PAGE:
With prayers for victims and a renewed determination to pass down memories and lessons, Kobe, capital of Hyogo Prefecture, and the surrounding area on Sunday marked the 26th anniversary of the devastating Great Hanshin Earthquake, which left more than 6,400 people dead.

With Hyogo under the central government’s coronavirus state of emergency, memorial ceremonies were scaled down.

Families of those killed in the quake and other people gathered at a park in central Kobe. With lanterns made of bamboo and paper, they offered silent prayers at 5:46 a.m., the exact time the magnitude 7.3 disaster jolted the port city on Jan. 17, 1995. The event brought together about 2,500 people by 7 a.m.

In a ceremony organized by the Kobe city government, Midori Kaga, a 65-year-old classical Japanese dance master, attended as a representative of victims’ families.

She stopped short of reading out a memorial message for her daughter who died at age 6, as part of curbs to reduce the risk of COVID-19 infections. Her message was instead posted on the website of the city government.

“I prayed for the repose of my daughter’s soul,” Kaga told reporters after the ceremony. “I asked her to watch over us in this difficult time caused by the coronavirus.”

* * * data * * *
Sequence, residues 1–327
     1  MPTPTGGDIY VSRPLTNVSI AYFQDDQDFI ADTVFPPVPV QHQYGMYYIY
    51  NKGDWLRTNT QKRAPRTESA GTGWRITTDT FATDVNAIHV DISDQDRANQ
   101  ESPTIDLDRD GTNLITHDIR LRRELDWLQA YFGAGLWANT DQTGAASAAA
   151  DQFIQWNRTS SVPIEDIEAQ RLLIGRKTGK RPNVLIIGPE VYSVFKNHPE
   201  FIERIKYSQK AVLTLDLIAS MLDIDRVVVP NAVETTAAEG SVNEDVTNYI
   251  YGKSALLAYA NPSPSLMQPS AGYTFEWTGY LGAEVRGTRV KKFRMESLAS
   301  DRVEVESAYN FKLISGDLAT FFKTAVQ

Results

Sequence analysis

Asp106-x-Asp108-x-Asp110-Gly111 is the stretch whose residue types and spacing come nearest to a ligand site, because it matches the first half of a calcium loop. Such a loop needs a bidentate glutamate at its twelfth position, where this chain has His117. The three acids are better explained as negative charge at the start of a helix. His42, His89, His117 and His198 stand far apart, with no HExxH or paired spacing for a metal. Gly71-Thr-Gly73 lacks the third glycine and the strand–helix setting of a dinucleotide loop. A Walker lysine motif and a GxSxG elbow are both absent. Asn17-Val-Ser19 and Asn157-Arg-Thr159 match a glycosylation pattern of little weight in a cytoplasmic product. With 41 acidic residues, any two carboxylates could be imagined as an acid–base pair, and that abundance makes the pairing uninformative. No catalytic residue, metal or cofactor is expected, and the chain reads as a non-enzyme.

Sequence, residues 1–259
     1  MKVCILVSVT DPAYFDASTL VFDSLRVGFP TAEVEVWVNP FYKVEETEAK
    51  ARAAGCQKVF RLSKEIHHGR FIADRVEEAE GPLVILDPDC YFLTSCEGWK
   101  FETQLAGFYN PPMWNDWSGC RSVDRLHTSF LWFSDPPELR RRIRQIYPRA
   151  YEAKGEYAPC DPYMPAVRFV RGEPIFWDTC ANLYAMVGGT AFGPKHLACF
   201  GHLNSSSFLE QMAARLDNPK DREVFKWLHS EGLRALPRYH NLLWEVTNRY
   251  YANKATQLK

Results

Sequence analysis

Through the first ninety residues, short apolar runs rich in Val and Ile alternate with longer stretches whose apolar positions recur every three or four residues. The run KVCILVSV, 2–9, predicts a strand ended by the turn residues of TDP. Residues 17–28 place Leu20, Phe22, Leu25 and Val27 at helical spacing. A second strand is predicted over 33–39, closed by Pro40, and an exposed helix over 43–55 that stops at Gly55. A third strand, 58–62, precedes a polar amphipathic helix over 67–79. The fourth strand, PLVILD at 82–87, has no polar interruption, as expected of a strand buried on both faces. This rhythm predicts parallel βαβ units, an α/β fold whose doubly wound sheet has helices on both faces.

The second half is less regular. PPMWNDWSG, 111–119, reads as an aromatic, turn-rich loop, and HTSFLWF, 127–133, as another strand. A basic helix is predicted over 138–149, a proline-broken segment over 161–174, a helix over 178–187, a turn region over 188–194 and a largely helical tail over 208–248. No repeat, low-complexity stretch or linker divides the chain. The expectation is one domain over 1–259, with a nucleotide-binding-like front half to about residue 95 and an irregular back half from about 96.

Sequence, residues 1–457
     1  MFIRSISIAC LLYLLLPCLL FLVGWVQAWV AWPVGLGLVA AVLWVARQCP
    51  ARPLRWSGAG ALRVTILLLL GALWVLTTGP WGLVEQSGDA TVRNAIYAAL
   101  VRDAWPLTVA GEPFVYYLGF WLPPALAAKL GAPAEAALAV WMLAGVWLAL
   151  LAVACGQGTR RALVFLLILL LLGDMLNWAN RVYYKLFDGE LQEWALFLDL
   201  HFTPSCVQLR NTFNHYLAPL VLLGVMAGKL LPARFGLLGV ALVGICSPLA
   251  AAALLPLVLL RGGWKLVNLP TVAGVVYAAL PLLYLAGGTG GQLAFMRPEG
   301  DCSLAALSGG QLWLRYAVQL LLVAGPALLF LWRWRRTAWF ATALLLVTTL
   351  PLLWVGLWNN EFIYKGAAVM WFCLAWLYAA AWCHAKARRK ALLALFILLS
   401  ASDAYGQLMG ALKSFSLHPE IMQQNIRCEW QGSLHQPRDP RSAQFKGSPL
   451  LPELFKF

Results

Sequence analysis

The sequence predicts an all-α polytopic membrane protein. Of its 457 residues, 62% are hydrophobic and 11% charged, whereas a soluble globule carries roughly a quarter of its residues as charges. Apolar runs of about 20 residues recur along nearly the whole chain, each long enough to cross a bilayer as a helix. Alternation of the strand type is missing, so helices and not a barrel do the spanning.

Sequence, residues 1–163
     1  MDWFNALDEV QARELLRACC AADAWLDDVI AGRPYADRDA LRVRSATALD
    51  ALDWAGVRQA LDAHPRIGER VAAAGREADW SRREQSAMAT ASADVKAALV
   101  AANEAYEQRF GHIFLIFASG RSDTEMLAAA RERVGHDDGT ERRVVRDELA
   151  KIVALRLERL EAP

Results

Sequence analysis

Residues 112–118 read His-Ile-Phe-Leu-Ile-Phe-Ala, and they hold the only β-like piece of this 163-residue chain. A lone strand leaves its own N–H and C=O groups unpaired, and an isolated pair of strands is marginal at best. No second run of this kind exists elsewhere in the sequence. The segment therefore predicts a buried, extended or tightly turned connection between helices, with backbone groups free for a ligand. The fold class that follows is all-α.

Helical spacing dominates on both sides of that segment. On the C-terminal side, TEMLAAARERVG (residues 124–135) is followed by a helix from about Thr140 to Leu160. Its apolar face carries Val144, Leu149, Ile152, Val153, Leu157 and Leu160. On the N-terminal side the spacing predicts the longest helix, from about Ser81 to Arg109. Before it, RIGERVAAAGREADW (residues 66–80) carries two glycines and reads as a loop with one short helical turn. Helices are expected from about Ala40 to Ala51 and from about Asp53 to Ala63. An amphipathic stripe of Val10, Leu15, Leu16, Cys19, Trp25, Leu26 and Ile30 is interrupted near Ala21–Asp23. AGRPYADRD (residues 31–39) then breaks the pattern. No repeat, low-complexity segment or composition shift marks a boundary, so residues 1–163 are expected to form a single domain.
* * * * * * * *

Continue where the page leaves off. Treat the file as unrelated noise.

Many events were scaled down due to the surge in COVID-19 cases in Japan. The Hyogo Prefectural Government canceled an event to walk an emergency evacuation route as well as a disaster drill, while the number of participants at an event organized by a civic group stood at some 70% of the previous year.

Exactly 26 years ago, Kobe and its surrounding areas were hit hard by the powerful earthquake that claimed 6,434 lives and injured 43,792 people. In the hardest-hit areas, the quake registered a 7 on the Japanese seismic intensity scale, the first time a quake had done so.

In a time of both misinformation and too much information, quality journalism is more crucial than ever.
By subscribing, you can help us get the story right.